Don't jeopardize safety for style; while it may seem fun or entertaining to dress Fido in skirts and sweaters, keep in mind that safety and comfort should always be the top priority.


Before purchasing a sweater, rain coat or stylish studded collar, be sure to consider these tips:

  • Respect the Pet: If your pet isn't interested in wearing that sweet little sweater, you'll know. He or she will use non-verbal communication like never before! Respect your pet and don't force him or her into an outfit. Doing so will only cause stress and other unhappy emotions.
  • hat  Only if the Shirt Fits: If your pet is willing to wear clothing, be sure it's not limiting mobility. The item should fit comfortably and should not be too tight or too baggy.
  • Hold the Bells and Whistles: The holiday sweater with glitter and bells may look cute-but keep in mind, the extra accessories could pose a risk to your pet pal's health. Avoid pet clothing with added accessories, when in doubt; remember that simple is generally better. 

When it comes time to select a collar for your dog, measure his neck and add one to two inches of room, to ensure the collar will fit comfortably. As a guideline, the measurement from the buckle of a collar to the last hole should be as close as possible to the measurement of the dog's neck.


Remember to monitor Fido as they sport their new looks. As pets adjust to clothing or new accessories, it's important to be sure they are comfortable and safe as they strut their stuff.

In This Issue

Quick Links

Help Us Help Them
foster logo


GSP Rescue New England now has a presence on Facebook. Go to:

Look who's been adopted!

More GSPs have found their forever homes!


They are: Remy, Rigby, Kenai, and Magas


Hooray for the dogs!! Hooray for their new families!! :-) 


Donations have gratefully been accepted this month from: 

Sujata Varadharajan

Jamie Page

Janet McMillan

Karen Walsh

Bill Ziolkowski, in memory of Rusty Ziolkowski 

Bryan Sexauer

Emilie Knisley

Julie Nicholson

Danelle Gatcombe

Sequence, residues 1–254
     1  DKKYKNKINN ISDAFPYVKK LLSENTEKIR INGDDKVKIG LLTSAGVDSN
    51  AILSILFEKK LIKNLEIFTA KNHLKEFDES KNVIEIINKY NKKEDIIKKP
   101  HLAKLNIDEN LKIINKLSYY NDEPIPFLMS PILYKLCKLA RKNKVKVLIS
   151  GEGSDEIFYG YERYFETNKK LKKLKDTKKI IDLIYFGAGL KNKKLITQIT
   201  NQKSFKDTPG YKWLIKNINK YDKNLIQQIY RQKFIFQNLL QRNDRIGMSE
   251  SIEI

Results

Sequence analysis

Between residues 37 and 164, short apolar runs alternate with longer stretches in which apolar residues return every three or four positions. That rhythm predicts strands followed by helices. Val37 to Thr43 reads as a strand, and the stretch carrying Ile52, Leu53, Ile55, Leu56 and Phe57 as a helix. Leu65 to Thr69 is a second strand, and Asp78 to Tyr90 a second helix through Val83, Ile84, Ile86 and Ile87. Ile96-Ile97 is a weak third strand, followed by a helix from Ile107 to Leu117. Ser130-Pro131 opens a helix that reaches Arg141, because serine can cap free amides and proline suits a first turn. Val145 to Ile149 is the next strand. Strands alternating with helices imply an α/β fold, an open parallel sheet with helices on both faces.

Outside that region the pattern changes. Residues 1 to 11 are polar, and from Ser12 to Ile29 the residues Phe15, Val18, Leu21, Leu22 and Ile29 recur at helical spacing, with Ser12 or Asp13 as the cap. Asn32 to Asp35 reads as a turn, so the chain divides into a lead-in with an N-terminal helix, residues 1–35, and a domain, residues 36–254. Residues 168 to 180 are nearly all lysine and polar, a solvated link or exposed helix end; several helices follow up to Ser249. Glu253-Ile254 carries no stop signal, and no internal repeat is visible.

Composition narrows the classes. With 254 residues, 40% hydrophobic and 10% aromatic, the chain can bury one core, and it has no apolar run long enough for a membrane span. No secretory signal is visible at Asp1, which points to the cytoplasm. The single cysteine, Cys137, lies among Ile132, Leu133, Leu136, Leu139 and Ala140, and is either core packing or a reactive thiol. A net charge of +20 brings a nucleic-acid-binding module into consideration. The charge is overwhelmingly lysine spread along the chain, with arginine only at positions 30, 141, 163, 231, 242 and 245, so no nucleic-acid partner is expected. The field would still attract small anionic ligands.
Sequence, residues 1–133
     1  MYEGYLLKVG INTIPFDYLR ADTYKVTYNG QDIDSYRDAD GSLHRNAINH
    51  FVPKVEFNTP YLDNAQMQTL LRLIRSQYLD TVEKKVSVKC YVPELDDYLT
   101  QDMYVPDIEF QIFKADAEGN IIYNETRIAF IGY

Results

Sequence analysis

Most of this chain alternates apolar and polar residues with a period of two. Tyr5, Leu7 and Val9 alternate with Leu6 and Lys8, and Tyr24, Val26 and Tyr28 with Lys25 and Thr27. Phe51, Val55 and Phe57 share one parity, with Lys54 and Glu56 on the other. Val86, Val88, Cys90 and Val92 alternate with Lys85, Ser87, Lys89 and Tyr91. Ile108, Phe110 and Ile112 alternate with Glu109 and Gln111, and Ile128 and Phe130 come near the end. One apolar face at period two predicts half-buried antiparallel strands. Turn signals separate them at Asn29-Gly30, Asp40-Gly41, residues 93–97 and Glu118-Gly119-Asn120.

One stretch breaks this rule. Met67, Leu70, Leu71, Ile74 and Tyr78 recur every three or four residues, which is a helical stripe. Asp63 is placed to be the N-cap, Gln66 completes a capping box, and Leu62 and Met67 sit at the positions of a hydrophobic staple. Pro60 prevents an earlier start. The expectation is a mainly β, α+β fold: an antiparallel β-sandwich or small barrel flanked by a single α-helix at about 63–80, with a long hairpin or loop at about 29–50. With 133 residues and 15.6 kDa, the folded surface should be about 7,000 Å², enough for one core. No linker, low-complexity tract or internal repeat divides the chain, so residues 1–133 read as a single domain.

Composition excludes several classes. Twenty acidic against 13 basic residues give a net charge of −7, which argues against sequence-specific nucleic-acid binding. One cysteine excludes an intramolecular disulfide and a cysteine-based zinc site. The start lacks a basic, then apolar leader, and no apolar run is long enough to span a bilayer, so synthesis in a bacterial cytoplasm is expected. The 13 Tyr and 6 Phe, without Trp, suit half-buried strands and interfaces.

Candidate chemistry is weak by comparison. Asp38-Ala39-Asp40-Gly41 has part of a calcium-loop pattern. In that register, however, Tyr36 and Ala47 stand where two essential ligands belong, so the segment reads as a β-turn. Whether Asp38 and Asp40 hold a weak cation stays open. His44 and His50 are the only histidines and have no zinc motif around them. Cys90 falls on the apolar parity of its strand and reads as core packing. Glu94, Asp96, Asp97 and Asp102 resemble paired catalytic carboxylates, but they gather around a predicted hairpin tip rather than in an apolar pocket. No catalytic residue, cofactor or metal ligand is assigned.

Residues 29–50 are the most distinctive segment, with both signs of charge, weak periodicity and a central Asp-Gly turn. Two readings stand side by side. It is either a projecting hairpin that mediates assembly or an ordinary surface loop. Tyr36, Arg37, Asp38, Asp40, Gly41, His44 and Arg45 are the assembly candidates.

Lynn Alexander, on behalf of Lincoln 

Bill Crawford 

Scott Hiestand 

Cat Lamy, on behalf of Lincoln

Cliff Kenyon

Cindy Peregolise and Bikers Against Animal Cruelty, on behalf of Lincoln 

Brian Belanger


Thank you all for your generosity!

Thank you, donors!

For those who have graciously made donations to GSP Rescue NE and would like a receipt, please contact Celeste.


And, once again, a big THANK YOU to you all. :-)

Calendars and more...oh my!
Calendar cover
We still have 2013 calendars featuring our rescue dogs available but they're selling like hotcakes! Go here to order yours before they're gone! 
Bobo's Playland Fundraiser
Hit the Road Zac
There's still time to order merchandise from Bobo's Playland and have it arrive in time for Christmas. Cards, a wonderful children's book featuring GSP Rescue NE dog Zac and a whole lot more!

Remember, GSP Rescue NE gets 50% of all orders between now and January 4th 2013!

 Help Us With

Our Year-Round Fundraisers




We need your help. We have recently partnered with Alphapooch to help us provide more comfortable living for our pet residents through their Buy a Bed Give a Shelter Bed Program. Alphapooch has agreed to donate a shelter bed to us for our foster dogs for every pet bed you purchase from their site:


    It's pretty simple. For every item you purchase for your family pets, the pets at our foster homes will get a comfortable bed to rest on! Alphapooch uses a wonderfully soft bedding material called Unreal Lambskin® that both cats and dogs just adore. We love the beds too as they are completely machine washable.